We also received an impromptu class in jewelry making given by a gal named Maria Elena. She offered to teach us how to make earrings and she came to our pension with all of her beads and gave us a free class. Maria Elena believes that jewelry making can open doors into communities. She taught us that we can make simple designs to give or to sell for very little to indigenous people and that we can easily teach others how to make jewelry. We enjoyed it so much that we went to the 'city' to look for more beads a few days later. We bought a pair of jewelry making pliers and we are ready to open for business.
What else.... Oh yes, Mark also took a massage class (just in time for my birthday, yay!) where he learned about the muscles in the face and back and how to pamper those muscles.
Before leaving Boquete we knew we simply had to climb Volcán Barú which hovers over the valley. Volcán Barú is 11,400 feet and is a 10 mile steep uphill grunt from the trailhead. We made it up in 5 1/2 hours and camped just short of the summit so we could get up early to watch the sunrise. Because Panama is a narrow country it is possible to view both the Pacific and the Caribbean from the summit and we had heard that the view was spectacular. We got a bit of rain that night but we got up at 4:45am anyhow with the hopes that the sunrise would help blow out the cloud cover. It didn´t... But it was very beautiful all the same. There were fields of delicate wildflowers of all shapes, sizes, and colors littering the slopes. Downhill was relentless and steep and our knees were screaming by the time we reached the road to town. We hoped to hitch a ride back to Boquete because it´s another 7 miles or so beyond the trailhead to town... Have you heard of 'The Road Less Travelled'? Well, this is it. We did finally hitch a ride with some fabulous local guys who immediately became our new best friends.
So, our advice to those who head up this particular volcano..... Check the weather.
What we loved the most about hiking the volcano is that we were able to summit a volcano for Mark´s birthday in Guatemala and for my birthday in Panama. How amazing is that! When we began this journey we were certain we´d be home by now and Mark would be in grad school. We´ll never forget this year.
That sums up our month in Boquete up to yesterday which was my 40th birthday. ¡Woo Hoo! Mark made certain that my birthday was romantic, amazing, and fun. He even sang a Bryan Adams karaoke tune for me and I cried. It was so sweet and I loved it! He got the loudest applause out of anyone. ¡What a rock star! Here's a clip from it.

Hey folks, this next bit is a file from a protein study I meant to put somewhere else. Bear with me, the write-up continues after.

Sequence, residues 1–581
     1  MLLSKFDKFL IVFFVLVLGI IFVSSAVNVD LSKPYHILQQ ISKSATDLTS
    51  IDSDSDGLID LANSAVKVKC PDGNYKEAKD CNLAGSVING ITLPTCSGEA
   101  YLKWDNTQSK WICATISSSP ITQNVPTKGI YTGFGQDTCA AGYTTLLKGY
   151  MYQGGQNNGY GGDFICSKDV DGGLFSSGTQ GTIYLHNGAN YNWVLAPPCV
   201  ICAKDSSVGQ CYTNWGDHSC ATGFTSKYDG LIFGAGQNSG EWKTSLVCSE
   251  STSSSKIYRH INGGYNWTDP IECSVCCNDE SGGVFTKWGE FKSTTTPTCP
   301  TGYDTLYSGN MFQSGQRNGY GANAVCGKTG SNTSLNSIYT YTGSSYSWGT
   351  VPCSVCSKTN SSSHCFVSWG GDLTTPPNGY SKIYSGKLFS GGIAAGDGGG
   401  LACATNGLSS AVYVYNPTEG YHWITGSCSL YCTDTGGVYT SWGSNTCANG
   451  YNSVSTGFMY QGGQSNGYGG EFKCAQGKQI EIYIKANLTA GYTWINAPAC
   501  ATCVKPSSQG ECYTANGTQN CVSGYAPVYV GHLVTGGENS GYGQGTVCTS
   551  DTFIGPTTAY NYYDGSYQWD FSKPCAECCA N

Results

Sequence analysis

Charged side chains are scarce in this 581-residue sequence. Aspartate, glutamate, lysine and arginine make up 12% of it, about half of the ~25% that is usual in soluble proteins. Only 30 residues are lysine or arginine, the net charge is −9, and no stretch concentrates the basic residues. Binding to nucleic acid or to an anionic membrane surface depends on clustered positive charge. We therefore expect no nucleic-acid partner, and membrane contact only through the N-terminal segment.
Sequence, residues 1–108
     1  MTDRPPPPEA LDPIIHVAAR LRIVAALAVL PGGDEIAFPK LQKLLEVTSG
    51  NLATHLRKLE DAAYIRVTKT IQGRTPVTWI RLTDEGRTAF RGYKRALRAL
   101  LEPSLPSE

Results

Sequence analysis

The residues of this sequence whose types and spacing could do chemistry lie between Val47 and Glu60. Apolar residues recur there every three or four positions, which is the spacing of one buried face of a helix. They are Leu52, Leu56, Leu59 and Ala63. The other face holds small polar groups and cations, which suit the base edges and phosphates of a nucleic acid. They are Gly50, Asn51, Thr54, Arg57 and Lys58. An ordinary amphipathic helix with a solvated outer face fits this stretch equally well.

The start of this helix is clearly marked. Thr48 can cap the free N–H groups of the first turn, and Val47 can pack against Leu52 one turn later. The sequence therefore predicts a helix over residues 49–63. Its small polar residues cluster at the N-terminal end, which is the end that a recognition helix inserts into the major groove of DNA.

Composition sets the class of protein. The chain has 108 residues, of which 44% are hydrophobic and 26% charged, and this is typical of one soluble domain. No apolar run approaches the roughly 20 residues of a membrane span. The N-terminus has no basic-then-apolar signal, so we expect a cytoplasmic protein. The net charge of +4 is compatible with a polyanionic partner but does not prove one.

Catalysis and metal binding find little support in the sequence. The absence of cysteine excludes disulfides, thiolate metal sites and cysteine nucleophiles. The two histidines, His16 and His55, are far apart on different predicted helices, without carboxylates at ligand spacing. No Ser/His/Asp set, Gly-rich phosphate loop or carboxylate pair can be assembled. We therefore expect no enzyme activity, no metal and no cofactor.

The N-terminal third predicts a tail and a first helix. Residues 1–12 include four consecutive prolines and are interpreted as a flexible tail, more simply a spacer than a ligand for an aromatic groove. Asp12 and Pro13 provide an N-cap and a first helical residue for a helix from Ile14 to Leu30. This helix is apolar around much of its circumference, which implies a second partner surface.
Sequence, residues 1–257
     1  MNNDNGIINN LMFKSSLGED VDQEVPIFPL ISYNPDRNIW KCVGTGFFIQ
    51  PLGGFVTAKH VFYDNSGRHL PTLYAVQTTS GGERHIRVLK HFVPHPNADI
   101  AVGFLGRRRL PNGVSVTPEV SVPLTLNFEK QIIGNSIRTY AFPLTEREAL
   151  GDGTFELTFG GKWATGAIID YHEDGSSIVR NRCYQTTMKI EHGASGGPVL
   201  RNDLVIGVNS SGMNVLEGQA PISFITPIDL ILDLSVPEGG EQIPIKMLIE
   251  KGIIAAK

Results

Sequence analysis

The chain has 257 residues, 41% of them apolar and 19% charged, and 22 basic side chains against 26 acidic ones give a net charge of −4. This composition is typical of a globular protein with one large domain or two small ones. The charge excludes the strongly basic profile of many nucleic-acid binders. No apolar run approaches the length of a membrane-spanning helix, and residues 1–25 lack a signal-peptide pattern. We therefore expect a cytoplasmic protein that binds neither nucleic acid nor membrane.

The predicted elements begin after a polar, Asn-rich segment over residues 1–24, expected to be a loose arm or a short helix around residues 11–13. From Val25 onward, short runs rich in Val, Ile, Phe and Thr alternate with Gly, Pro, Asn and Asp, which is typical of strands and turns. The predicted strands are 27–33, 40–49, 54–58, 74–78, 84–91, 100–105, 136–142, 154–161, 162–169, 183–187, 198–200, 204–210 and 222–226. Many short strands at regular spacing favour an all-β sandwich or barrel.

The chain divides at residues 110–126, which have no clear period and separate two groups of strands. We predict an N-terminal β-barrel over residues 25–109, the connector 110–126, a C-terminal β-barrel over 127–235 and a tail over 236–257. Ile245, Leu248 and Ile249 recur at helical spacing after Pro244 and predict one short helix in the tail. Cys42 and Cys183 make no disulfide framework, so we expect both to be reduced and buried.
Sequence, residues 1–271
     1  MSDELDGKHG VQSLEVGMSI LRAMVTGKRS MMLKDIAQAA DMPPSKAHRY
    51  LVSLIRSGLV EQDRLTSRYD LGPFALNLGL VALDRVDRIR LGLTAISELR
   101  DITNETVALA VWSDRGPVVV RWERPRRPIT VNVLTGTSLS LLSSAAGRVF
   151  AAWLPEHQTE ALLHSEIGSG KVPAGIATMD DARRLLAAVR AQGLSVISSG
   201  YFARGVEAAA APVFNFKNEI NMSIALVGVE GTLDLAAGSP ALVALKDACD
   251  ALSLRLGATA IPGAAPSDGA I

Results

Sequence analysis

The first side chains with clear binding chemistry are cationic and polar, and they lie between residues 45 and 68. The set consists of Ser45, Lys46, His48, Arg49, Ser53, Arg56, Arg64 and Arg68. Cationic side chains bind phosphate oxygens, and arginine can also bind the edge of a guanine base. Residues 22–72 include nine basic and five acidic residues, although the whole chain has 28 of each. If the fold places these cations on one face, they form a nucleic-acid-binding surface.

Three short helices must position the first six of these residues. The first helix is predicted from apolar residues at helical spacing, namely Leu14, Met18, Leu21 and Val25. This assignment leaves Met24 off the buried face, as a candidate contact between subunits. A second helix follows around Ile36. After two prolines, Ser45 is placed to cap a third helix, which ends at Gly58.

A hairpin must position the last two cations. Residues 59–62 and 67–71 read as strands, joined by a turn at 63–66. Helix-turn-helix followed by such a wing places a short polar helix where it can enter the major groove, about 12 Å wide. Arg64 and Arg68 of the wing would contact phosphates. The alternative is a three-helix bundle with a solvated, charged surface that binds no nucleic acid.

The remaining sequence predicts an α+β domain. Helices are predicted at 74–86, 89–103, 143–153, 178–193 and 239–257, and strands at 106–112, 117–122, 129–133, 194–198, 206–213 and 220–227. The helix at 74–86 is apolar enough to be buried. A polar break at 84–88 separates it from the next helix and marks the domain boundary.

I don´t know how he did it but Mark also surprised me with a massage. I actually thought we were going hiking and we ended up at a house where Mark said we were going to take a pottery class... The next thing I knew I was getting a massage. Definitely what the doctor ordered after Volcán Barú. Lovely.
During my massage Mark wandered out back to sit by the river and study. He found a bag of toxic chemicals and unfolded it carefully in order to read the bag (which warned that it would kill anything and everything). Just from touching this bag which had been washed downriver, Mark became lightheaded and dizzy for the entire afternoon. The bag actually stated that there is no antidote along with other horrific warnings including "toxic to fish".....we still can't believe this was in a stream! There is a lot of agriculture in this watershed and much of the coffee and vegetables for exportation and local consumption are grown here.
On a different note..... we´re heading back to Costa Rica to crash my brother and sister-in-law´s romantic 10th anniversary vacation without the kids. We knew they would be heading down but we thought we´d be in South America by the time they got here so we were sure we´d miss them. Fortunately, all the stars aligned and we are only a few short hours from Uvita, Costa Rica where they will be staying. I can´t believe we get to see Kevin and Amy! We are both crazy excited to see them and I´m sure we´ll give them a LITTLE time alone...
Hello to all our family and friends. We love you and miss you and will update you all again soon. Thanks for all the comments and emails.
Mark & Michelle